Outside of work there were some notable historical events: in Jan 1961 JFK became President of the USA carrying the hopes of the world’s youth with him; then in April of that year Yuri Gargarin, the first human is space, piloted his Vostok spacecraft in an orbit of earth; and finally, lest I forget, later that year I got married to Val, the girl from school, who danced like a dream, sang like an angel and who could “act the drawers off Sarah Bernhardt” as thespians are wont to claim. Our nuptials didn’t make world news, but did necessitate a move out of my Lombard St. lodgings firstly to a small flat on Derby Rd looking across Lenton Park to Lenton church and thence, in October 1962, to a tiny cottage on Salthouse Lane off Beeston High Rd. Being so close to FB Hall we were invited by the warden, Miss Spellman, to become members of FB Senior Common Room. We were invited to many Hall events and became ‘moral tutors’ to a group of the students. So sixties! I missed my former landlady’s cheerful “eh up mi duck” every morning and her apple pies on Sundays. The Beeston move coincided with the ‘Cuban Missile  Crisis’ but as we had no radio or television at the time we were blissfully unaware of the high stakes poker game being played by Kennedy and Khrushchev with nuclear war a strong possibility. With exemplary timing the Beatles’ ‘Love me do’ became their first hit.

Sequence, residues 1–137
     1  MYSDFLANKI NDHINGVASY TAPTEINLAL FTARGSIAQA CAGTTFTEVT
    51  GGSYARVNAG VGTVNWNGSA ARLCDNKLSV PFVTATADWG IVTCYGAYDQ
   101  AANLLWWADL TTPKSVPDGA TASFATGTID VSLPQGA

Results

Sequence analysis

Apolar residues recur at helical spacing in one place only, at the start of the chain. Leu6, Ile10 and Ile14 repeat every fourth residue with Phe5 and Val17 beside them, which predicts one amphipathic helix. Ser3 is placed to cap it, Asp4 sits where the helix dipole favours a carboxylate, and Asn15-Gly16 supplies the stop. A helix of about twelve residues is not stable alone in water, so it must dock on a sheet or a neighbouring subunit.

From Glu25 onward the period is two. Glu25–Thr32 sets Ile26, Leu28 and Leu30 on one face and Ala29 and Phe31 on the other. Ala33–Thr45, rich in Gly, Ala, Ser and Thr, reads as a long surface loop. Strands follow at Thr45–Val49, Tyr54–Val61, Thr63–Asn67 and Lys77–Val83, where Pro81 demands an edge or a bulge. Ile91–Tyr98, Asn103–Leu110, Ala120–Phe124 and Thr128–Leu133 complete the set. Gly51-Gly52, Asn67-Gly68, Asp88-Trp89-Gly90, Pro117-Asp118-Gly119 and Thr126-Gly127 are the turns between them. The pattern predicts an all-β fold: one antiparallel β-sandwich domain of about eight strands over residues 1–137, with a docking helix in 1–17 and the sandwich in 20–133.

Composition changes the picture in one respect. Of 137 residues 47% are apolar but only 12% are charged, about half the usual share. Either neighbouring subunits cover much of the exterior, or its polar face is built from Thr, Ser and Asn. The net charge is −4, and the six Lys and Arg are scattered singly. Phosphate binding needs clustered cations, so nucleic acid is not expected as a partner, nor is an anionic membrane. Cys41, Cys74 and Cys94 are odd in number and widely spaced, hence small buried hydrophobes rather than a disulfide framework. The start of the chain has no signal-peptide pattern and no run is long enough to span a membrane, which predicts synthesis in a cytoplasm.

It was in the early 1960s that I became deeply politicised: I attended a big rowdy Union meeting in the Portland Building protesting against apartheid which was addressed by all of the local political firebrands. But what I remember most was the music played before and after – Rimsky-Korsakov’s ‘Scheherazade’. I fell in love with it and it was the first LP I ever bought. The satirical television programme ‘That Was The Week That Was’ fronted by the young David Frost in 1962 and 1963 had plenty of ammunition to lampoon the aristocratic Tory Party, notably during the ‘Profumo Affair’ of 1963. Then the general election of 1964 came after “thirteen years of Tory misrule” according to Harold Wilson, the then Leader of the Labour Party. I attended an old-style political rally addressed by Wilson in the Albert Hall in Nottingham just before the election when he talked, inspiringly, about a Britain transformed in “the white heat of the technological revolution.” And then there was a barnstorming eve-of-poll alcohol-fuelled performance by George Brown in Slab Square extorting the “brothers to unite for victory”.  He was a consummate master of the politics of the gutter; only Lord Hailsham for the Tories could compete in the common abuse stakes. They were both wonderful entertainers.